Given recent news, a return to more wholesale remote learning could be brought in sooner than we think. Are you ready for this? Use our free planning tool to find out



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Call for school closure


As government announced mass testing of secondary school pupils in the south-east, the NAHT and ASCL asked why are they not closing schools instead?

‘We have to question why the plan is to mass test children, and there is apparently no consideration of moving to remote learning,’ said ASCL General Secretary Geoff Barton. ‘If there is an immediate concern over infection rates, can we really afford the delay involved in rolling out mass testing and obtaining results?’

‘This is clearly a very serious new development, and the government’s first priority must be the safety of those involved,’ said NAHT General Secretary Paul Whiteman. ‘A very short-term period of home learning while test results are obtained would ensure further transmission does not occur in schools amongst the most affected group.’



Getting ready


Some schools have made plans to close for a day to carry out teaching and learning (T&L) remotely for testing purposes. The aim is to check their systems and approaches to make sure all is working well for if a further period of full remote learning is required.



Is your school ready for this possibility?


It may be that you felt, like many schools, that you had to rush to put together a remote learning programme at bottle-neck speed back in March, when schools were first closed because of the pandemic. Then there was the scramble to get schools reopened again in June. Since then, what with the pressures of keeping schools operating safely during the pandemic, alongside all the other firefighting issues curriculum leaders face on a daily basis, it’s hard to see how you would find time for forward planning.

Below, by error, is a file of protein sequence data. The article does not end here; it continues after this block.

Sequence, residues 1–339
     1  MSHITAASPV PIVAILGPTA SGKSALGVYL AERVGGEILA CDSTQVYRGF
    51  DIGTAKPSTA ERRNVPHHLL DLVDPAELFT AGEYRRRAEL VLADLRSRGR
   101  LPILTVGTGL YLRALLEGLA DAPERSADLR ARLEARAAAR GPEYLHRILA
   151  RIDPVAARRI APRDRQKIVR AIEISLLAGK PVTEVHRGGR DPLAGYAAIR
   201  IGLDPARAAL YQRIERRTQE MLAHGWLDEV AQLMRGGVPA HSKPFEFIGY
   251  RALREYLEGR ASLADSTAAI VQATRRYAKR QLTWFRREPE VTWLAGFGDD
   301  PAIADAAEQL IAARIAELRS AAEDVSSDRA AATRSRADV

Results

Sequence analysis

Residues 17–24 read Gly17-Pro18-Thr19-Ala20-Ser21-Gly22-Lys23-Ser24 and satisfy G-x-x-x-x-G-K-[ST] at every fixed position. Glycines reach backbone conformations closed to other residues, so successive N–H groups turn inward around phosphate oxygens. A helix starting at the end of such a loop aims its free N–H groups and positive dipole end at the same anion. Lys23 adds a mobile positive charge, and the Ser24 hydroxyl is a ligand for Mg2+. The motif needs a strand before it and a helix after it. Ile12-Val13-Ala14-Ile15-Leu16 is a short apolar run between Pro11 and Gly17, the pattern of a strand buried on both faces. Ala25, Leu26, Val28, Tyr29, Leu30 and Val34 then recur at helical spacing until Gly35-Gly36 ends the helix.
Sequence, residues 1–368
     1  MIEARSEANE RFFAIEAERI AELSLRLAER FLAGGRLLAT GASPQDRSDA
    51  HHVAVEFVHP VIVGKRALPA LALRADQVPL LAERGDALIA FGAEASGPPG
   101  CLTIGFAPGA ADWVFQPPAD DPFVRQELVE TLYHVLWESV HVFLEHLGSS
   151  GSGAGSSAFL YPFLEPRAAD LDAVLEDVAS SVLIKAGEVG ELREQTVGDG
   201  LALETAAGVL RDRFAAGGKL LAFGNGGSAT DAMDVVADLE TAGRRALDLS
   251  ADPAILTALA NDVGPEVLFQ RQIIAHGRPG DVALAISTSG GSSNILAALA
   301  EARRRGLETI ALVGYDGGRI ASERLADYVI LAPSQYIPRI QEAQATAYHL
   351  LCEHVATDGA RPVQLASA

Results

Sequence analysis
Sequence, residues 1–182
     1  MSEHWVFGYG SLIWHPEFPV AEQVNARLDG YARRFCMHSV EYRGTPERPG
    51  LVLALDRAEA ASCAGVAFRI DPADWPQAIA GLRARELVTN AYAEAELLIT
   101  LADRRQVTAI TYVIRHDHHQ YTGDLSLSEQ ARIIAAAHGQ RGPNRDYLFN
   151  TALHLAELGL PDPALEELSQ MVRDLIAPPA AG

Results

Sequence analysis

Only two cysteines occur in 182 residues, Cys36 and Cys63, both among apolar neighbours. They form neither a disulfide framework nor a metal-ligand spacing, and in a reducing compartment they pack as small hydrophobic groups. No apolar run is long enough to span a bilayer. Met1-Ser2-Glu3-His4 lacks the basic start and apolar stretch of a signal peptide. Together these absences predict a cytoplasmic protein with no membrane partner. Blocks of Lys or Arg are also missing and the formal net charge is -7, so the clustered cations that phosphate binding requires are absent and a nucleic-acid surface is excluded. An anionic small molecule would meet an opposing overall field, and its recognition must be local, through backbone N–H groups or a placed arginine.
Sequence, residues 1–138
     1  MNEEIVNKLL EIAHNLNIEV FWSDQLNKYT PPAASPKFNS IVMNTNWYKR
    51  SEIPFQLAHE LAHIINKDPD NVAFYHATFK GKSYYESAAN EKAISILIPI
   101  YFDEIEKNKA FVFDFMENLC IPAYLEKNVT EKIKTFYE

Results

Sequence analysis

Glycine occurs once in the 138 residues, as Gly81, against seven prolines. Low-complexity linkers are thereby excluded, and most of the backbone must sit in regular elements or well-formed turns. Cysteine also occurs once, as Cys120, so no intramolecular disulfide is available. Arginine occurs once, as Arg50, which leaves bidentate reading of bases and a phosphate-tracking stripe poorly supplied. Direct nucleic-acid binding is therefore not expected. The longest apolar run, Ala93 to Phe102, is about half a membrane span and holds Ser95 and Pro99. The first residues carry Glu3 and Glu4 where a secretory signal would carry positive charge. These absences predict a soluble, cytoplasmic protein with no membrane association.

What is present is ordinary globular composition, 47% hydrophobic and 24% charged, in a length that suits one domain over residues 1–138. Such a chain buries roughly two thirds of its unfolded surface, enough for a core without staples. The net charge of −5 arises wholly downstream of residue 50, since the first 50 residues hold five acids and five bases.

But it is well worth trying to make some time for this right now. Our planning tool aims to help you with this – to save you time by giving you key questions to answer to identify which areas of your remote learning provision most need attention.

Use it to carry out a performance check of your progress in these nine key aspects of effective remote learning provision:

  • Taking the overview
  • Curriculum coverage
  • Structuring content
  • Planning T&L
  • Use of technology
  • Assessment
  • Supporting teachers
  • Pupil engagement
  • Parental engagement


Complete this planning tool to identify which areas of your remote learning programme need prioritising next.



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Here are just a few of the many questions included in our tool:

  • What mechanisms have you in place to assess what needs to be prioritised within T&L in the coming weeks?
  • Are all pupils equipped to use online devices for their home learning?
  • Do you need to improve your systems for identifying and then supporting pupils who are struggling, and if so how?
  • Are your systems for minimising staff workload, and providing them with appropriate support, enough to reduce their stress levels and boost their wellbeing?


Download now to do a performance check of your current remote learning provision.

Where next?


To go into more detail, and analyse each of the nine key areas forensically, use our professional development resource Lead&Learn: Remote learning.

This book allows you to explore more comprehensively how to create the best remote learning programme for your school.

Learn from the advice and examples of good practice in the knowledge articles, then complete the planning tools to identify exactly what changes to prioritise going forward, and how to bring about improvements.





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